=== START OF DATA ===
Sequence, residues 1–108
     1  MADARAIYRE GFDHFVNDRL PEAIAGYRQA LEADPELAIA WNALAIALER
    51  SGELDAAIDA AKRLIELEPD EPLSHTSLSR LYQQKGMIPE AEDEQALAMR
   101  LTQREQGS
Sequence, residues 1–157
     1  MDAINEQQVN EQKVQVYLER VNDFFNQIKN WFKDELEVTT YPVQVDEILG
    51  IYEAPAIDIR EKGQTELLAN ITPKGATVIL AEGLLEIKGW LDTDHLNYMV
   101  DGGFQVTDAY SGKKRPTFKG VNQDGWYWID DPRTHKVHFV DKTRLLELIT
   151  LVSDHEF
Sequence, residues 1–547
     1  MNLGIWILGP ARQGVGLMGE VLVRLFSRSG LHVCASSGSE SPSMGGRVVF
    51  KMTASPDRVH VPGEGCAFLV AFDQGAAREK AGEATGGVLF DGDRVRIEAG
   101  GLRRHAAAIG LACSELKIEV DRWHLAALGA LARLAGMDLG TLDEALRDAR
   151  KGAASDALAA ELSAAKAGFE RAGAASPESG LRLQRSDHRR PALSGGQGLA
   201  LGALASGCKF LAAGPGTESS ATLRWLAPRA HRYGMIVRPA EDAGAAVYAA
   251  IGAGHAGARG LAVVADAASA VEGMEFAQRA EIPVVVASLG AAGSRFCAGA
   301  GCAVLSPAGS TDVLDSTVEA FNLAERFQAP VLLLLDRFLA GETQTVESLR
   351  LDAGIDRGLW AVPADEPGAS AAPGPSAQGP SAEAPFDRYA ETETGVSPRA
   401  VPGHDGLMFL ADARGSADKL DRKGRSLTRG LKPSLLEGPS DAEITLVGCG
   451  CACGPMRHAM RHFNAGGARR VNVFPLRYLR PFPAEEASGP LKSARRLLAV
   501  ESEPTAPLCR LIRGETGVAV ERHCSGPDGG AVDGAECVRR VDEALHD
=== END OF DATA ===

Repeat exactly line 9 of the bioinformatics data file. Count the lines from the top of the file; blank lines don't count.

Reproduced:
   151  LVSDHEF